On June 29th, the New York Yankees announced that they were sending right-hander Adam Warren to he bullpen, thus shortening their rotation back to the traditional five-man rotation. Warren, who might not have been this best in the rotation, has been the most constant starter for the Yankees this season.
Warren has already set career highs in wins and innings pitched this year in his first year as a starter. Warren, who pitched out of the bullpen in his first two years in New York, was given the opportunity to join the rotation in 2015, and in his 14 starts was very impressive. Warren is 5-5 this year with an ERA of 3.59. His 1.271 WHIP is second only to Masahiro Tanaka, and he has struck out 54 batters. While Warren won’t blow any hitters away and rack up ridiculous strikeout totals, he manages to be efficient and get hitters out.
Warren has yet to yield more than four runs in a start, and has not allowed more than seven hits in an outing. With the Yankees explosive offense, these numbers certainly give them the opportunity to stay in games and compete. Routinely throwing about 60% of his pitches for strikes, Warren keeps the ball around the zone and doesn’t allow a ton of free passes. He also has the ability to last long in a ball game and save the bullpen. Of his 14 starts, 11 have gone longer than five innings, and three longer than seven. Opponents are hitting just .240 off of Warren.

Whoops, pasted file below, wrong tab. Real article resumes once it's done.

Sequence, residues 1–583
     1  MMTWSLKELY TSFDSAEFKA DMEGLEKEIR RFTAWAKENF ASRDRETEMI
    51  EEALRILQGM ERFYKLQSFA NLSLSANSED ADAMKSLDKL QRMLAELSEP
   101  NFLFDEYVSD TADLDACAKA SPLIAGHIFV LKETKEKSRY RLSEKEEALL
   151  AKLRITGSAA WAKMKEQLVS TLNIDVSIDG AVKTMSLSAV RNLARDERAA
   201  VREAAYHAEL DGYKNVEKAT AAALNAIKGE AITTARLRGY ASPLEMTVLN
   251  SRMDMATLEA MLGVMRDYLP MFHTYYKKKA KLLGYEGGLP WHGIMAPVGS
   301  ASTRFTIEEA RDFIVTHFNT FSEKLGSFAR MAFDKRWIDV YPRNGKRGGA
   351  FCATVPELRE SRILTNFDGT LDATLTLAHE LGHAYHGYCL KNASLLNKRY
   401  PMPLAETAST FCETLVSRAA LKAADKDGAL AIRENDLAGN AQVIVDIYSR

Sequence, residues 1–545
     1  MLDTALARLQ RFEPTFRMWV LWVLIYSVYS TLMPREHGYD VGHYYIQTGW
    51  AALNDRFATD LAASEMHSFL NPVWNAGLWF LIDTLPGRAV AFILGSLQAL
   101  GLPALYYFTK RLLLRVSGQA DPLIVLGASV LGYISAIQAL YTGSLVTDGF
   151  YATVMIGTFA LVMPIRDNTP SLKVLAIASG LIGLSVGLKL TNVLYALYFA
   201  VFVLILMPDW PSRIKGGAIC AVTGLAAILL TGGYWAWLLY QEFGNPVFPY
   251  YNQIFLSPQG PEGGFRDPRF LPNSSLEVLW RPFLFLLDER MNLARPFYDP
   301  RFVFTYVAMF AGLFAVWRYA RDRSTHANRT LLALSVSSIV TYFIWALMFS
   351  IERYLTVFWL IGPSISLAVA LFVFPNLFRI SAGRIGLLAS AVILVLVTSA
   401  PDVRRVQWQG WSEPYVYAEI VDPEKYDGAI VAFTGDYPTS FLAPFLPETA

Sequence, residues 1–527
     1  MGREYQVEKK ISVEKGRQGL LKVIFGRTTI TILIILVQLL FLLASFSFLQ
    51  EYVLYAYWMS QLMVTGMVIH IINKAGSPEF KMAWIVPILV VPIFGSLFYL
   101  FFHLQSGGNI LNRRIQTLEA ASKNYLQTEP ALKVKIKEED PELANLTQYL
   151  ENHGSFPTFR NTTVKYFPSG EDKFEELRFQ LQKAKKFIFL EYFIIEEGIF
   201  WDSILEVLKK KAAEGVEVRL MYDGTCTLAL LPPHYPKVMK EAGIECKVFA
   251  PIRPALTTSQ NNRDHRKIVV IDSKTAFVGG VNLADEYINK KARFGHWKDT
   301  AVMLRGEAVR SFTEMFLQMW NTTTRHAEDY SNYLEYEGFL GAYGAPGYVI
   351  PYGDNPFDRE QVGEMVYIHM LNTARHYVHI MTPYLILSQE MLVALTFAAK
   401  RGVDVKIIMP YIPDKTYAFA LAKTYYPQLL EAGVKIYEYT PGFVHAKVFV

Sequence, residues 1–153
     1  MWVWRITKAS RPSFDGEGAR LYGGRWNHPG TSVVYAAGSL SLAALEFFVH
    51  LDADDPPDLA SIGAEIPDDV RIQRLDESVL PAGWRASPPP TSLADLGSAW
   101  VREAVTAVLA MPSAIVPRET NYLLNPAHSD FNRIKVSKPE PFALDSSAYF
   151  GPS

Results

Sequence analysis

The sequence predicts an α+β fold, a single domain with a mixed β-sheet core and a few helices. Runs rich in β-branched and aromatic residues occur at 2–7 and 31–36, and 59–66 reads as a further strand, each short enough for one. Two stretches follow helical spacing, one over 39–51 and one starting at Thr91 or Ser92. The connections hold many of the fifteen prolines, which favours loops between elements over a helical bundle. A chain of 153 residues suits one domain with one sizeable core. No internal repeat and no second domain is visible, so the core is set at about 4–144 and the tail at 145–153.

The movement of Warren to the bullpen isn’t a total shocker, but the timing of it is. Warren has found a grove as of late, and his last seven starts have been great. He is 3-3, but don’t let the record fool you. His 2.82 ERA has helped lower his season ERA down from the mid-fours, and he is striking out more hitters than before. Moving Warren to the bullpen now is such a shock because of how well his has been pitching, plus how well the Yankee bullpen has pitched. Additionally, Andrew Miller is beginning to throw again and will be back in the pen soon.
While Warren is a great all-around pitcher, the mid-season transition back to the bullpen could throw him off a bit and might show in his performance. But the Yankees could have something bigger in mind. Could they be making a rotation spot for Luis Severino? Who knows, we’ll just have to wait and see what they do. But that’s the only logical explanation for them just putting their most constant starting pitcher back in the bullpen.